As if to emphasize Stalin’s point, Moscow would have burned to the ground shortly after the Germans entered the city as it did with the French. The Soviets had planned to plant explosives within most major buildings within the city including, the Kremlin itself. Even if the Germans could take the city, they wouldn’t be allowed to have it, although this wouldn’t have been much consolation to the Soviets, who would have now faced severe consequences from their inability to hold the city.
With the city being the most important railway hub in the country, the loss of Moscow would have impacted across the entire eastern front and within the interior of the Soviet Union. The Soviet ability to rebuild and relocate that had been so vital to their survival during Barbarossa would have been seriously hampered.
In the north, it’s likely that Leningrad would not have been able to endure the Finnish-German siege of the city without the lifeline that was ultimately reliant on the Soviet Union’s railways. And if Leningrad fell, the Finns and the Germans would also likely have been able to advance on the northern port of Murmansk if they had chosen to. Losing Murmansk would have helped to close the Soviet Union off from the outside world and British and American aid that likely would have become far important in such a scenario.
The prospect of retaking Moscow would be bleak as winter set in, with the Germans able to entrench themselves, establish airfields further east than they could historically, and with the Soviet’s logistical issues it’s likely any attempt may have resulted in another costly failure for a Red Army that couldn’t continue to afford such losses in manpower and material.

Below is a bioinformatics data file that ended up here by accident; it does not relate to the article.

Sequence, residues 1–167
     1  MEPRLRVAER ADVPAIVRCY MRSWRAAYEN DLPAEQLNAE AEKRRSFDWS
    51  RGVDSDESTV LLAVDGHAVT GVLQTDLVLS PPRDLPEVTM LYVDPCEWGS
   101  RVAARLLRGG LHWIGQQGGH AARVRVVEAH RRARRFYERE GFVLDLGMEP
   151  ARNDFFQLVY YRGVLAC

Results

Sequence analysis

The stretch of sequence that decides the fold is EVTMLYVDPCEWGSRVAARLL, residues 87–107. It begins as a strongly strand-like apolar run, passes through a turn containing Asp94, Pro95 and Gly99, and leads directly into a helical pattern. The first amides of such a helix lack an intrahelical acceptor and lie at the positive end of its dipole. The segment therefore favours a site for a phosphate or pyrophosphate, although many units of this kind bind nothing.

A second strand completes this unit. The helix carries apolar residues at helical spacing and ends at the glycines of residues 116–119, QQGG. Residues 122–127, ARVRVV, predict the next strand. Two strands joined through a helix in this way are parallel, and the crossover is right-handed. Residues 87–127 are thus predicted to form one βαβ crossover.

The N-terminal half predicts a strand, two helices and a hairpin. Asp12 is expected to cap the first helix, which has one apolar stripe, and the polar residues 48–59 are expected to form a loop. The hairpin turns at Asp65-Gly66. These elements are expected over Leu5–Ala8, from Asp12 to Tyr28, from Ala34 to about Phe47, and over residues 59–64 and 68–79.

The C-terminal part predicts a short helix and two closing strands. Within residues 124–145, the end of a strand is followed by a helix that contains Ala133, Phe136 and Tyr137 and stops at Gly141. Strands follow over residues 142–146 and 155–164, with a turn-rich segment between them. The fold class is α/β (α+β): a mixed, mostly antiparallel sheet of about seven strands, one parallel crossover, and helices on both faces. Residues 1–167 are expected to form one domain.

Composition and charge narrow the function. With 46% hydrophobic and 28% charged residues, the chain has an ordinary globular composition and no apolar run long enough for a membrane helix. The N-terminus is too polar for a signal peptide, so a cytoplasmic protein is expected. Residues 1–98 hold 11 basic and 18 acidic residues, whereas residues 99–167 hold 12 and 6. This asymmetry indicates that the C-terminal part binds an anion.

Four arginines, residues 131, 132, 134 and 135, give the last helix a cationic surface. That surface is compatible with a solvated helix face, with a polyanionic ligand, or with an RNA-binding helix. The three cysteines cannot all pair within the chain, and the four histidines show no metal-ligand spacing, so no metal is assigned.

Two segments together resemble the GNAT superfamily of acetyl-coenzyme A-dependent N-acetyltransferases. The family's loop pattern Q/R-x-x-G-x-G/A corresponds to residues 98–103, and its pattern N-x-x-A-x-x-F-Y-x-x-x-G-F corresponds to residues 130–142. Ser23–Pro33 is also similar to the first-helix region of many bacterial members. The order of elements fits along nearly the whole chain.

In the south, the Red Army forces would have withered on the vine, preparing for the inevitable German attack in the summer of the 1942. Hitler would undoubtedly have insisted that this would be the year that would see the end of the Soviet Union and the enshrining of German hegemony over Europe. The fact that the capture of Moscow had failed to bring about total victory would be forgotten about. While the fate of the Soviet Union still hung in the balance, Operation Barbarossa would have been an unblemished, albeit only partial, success.
A lot of ifs
The Germans opting to advance on Moscow in the August of 1941 could have potentially brought great reward and would have been a disaster for the Soviets had it succeeded — but the strategy requires too much reliance on luck to be considered realistically preferable to the course the Germans took historically and has far more potential pitfalls should the Soviets have resisted as bitterly as they had done in so many instances of those first weeks of Operation Barbarossa.
The decision to move on Kiev and Leningrad was the “safe” option for an invasion already compounded with risk and given the Red Army’s failure to obligingly cease to exist after the first few weeks of the German-Soviet War, it is perhaps understandable that Hitler realized his luck may be changing. With hindsight, it is interesting to speculate on how different decisions may have changed the prospect for a German victory, but when considering the option for Moscow one thing becomes abundantly clear: Barbarossa was always going to fail.
Or was it?
Find out next time!
This story was originally published by Sea Lion Press, the world’s first publishing house dedicated to alternate history.